Re: Europiccola question
- From: "alan" <in_flagrante@xxxxxxxxxxx>
- Date: Thu, 23 Apr 2009 15:00:57 -0700
"Donn Cave" wrote
Quoth "alan" <in_flagrante@xxxxxxxxxxx>:
| The linguistic history of the word "espresso" is an odd one, and perhaps a
| unique one insofar as it involves an apparently emotion-laden revisionism
| which denies its application to the process by which it was originally
What does "boat" mean?
Should we review the Old English usage of "bat" to see exactly what
they meant, and that settles it?
Perhaps I'm really dense, but I fail to see how your discussion of the word "boat" has anything to do with the issues surrounding the word "espresso". As far as I know, there's been no suggestion that the word "boat" , due to current progress in marine technology, cannot still be applied to that which had been referred to as a "boat" hundreds of years ago. Yet, there very definitely IS a feeling that the word "espresso" should not be used to apply to that which had been produced by an older, steam pressure driven system.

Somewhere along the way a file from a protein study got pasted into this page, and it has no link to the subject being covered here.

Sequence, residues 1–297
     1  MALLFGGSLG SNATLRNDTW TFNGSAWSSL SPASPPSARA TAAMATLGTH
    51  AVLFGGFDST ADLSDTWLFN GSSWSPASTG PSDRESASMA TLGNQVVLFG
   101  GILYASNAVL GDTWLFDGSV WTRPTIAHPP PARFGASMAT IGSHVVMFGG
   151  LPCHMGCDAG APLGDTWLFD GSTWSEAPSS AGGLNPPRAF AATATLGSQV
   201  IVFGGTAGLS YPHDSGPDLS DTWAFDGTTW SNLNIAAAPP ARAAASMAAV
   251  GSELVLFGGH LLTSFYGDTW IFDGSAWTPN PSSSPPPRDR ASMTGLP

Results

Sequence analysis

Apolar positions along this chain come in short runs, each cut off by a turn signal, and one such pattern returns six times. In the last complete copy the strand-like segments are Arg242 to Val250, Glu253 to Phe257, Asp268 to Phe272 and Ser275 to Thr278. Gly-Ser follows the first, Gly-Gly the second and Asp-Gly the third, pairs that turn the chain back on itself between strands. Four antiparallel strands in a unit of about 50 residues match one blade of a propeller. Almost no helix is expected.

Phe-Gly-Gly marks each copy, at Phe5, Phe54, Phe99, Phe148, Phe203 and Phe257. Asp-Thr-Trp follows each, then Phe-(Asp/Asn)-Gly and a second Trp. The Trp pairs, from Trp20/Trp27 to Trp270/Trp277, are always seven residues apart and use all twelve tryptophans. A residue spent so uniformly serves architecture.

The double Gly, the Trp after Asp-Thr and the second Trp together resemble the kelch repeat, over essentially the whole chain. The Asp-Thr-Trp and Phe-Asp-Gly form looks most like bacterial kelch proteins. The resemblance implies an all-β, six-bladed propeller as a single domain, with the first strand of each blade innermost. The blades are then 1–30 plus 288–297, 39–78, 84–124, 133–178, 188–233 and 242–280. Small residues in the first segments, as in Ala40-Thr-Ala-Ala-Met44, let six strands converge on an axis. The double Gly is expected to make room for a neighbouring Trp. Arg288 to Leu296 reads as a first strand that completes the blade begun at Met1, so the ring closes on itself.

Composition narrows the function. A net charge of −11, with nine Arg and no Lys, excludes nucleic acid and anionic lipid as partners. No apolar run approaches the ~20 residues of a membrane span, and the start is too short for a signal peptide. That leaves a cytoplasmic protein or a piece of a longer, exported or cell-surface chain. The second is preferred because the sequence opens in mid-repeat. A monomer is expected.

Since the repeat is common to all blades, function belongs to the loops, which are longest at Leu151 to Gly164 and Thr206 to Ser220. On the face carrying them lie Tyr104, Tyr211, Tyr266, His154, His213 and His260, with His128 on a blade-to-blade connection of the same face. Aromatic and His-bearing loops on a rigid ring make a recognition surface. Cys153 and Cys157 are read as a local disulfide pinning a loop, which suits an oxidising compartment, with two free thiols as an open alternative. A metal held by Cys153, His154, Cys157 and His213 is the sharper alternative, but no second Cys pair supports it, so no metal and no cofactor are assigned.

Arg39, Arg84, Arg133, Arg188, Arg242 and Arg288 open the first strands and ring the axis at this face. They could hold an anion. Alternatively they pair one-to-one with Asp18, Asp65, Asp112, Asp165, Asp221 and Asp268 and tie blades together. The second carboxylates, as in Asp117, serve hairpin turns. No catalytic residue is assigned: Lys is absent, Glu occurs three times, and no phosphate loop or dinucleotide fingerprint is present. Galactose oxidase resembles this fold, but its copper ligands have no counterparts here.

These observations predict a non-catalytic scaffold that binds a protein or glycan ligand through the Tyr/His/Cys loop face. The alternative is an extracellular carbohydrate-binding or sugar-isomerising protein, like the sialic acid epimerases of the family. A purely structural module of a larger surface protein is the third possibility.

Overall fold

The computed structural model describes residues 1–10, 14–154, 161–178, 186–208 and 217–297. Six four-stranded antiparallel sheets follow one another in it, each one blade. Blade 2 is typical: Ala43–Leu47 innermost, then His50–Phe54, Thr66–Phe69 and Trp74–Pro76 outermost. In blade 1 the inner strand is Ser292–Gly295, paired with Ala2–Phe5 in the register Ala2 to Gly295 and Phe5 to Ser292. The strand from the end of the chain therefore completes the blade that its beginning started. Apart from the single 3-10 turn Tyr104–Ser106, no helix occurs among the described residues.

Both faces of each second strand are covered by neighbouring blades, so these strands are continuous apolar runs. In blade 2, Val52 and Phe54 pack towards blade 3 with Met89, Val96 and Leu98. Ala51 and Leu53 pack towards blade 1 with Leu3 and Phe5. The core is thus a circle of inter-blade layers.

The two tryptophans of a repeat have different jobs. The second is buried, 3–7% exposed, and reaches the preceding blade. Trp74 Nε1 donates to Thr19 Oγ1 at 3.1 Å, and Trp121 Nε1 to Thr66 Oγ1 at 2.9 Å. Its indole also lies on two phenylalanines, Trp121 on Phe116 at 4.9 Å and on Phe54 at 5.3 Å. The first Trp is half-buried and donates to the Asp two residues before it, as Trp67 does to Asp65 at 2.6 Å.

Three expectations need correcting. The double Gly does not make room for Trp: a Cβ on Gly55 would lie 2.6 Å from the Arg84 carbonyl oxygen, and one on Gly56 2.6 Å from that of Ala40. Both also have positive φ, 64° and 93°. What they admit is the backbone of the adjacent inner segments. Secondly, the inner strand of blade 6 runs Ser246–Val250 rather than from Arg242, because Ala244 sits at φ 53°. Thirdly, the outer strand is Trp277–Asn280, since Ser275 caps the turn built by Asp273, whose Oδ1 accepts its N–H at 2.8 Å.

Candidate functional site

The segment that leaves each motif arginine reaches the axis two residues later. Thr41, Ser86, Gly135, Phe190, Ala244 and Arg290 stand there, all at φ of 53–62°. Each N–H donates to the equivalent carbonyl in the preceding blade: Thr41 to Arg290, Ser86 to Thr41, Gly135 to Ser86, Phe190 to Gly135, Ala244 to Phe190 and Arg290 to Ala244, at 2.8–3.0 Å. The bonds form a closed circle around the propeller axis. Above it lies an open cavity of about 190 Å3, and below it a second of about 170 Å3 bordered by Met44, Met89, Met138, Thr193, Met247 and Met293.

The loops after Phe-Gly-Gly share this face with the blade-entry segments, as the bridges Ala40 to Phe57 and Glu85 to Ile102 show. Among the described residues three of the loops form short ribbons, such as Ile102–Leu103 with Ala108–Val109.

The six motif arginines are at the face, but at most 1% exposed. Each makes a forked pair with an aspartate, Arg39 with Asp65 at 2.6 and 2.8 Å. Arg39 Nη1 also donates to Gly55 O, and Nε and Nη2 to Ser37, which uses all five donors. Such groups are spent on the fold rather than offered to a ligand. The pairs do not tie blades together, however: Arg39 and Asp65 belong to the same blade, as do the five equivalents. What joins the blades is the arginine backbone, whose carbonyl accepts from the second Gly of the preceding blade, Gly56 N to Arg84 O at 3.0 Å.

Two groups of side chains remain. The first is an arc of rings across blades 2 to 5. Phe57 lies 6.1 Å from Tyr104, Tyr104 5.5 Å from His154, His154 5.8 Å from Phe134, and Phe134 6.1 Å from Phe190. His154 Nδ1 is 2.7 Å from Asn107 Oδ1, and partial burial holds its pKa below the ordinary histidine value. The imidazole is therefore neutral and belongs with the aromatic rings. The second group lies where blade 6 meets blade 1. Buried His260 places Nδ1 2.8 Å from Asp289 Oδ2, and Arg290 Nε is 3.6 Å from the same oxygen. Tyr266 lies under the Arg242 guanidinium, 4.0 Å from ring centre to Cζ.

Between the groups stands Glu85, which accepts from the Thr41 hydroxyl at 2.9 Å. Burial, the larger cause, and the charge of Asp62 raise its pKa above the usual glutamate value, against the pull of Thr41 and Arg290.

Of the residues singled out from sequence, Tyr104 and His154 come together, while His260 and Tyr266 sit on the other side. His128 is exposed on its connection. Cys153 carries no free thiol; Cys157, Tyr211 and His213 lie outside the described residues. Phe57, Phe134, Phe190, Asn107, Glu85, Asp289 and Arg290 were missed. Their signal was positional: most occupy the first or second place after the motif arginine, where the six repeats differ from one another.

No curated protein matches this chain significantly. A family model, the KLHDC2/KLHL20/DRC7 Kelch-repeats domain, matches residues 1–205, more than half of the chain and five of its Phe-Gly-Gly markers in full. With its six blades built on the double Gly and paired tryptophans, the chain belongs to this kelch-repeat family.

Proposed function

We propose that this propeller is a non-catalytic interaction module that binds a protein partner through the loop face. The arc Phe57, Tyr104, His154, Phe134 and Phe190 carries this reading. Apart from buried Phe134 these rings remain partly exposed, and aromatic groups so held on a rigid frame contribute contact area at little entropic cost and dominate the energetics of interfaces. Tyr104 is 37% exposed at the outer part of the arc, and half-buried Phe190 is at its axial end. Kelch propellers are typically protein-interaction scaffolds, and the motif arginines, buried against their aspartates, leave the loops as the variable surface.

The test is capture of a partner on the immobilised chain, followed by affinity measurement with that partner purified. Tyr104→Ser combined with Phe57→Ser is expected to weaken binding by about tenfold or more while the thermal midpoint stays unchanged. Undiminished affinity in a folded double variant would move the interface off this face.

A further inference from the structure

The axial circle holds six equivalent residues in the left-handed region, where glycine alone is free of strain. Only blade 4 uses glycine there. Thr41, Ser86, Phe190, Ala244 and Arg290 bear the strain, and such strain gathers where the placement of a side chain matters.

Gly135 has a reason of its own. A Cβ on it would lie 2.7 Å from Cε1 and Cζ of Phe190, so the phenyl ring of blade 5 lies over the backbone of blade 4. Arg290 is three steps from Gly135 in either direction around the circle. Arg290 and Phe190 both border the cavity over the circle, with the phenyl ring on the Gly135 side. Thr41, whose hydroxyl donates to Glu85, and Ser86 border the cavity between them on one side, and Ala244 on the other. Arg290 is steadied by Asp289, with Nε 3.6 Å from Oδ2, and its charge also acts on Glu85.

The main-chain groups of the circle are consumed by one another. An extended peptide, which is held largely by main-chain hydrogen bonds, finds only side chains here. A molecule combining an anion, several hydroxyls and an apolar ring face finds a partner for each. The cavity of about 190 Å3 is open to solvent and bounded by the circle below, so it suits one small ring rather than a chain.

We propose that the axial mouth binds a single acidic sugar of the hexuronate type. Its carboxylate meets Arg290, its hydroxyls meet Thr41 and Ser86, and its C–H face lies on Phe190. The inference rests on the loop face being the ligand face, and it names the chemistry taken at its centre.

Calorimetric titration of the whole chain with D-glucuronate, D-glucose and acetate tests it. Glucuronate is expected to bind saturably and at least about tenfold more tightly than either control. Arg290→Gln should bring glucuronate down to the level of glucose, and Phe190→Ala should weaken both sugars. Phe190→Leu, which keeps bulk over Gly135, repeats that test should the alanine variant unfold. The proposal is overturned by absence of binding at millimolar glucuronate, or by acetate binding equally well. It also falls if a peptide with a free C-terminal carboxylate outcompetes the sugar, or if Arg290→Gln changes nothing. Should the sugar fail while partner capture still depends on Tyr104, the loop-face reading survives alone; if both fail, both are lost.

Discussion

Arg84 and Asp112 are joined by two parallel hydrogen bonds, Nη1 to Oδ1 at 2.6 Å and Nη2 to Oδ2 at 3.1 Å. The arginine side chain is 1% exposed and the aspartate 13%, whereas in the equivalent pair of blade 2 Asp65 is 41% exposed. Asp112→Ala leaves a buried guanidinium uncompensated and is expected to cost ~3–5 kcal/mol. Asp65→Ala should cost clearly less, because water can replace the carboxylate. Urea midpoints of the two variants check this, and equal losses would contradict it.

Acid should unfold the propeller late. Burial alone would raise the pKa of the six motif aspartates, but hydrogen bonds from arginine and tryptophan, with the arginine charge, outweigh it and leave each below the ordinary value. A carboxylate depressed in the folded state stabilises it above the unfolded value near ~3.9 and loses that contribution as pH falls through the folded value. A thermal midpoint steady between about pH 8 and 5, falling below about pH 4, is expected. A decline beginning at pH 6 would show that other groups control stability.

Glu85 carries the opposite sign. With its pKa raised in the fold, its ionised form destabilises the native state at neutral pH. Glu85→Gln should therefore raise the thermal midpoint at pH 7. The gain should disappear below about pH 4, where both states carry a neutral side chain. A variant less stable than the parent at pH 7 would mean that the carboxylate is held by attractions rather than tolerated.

A wooden-hulled skiff, propelled by oars, is still uncontroversially known as a "boat", and owners of fiber-glass hulled 200 HP propeller driven versions do not not seem to be at all disturbed by the fact that the word "boat" is used to refer to both versions. That's why the case of "espresso" seems to me to be unique. It is the only word I know of where there has been a movement to retroactively change the meaning and to reserve its use for that which is produced by an improved, superior technology.
Since retroactive and revisionist determination of meaning is counter to observed natural linguistic development, it's my thought that it is the result of a concerted effort on the part of a small group of people (perhaps manufacturers of pump-driven machines?) to co-opt the term and to discredit the earlier technology. I would bet that the current shiboleth against using "espresso" for steam-driven machine products did not appear until after the the introduction of consumer model pump-driven machines in the early 70s, and as a means to help convince folks of the difference between the two technologies. Hyperbolic declaration that steam-driven "espresso" is NOT "espresso" would seem to be an excellent marketing ploy. It would be interesting to trace the beginnings of this phenonomenon . . .
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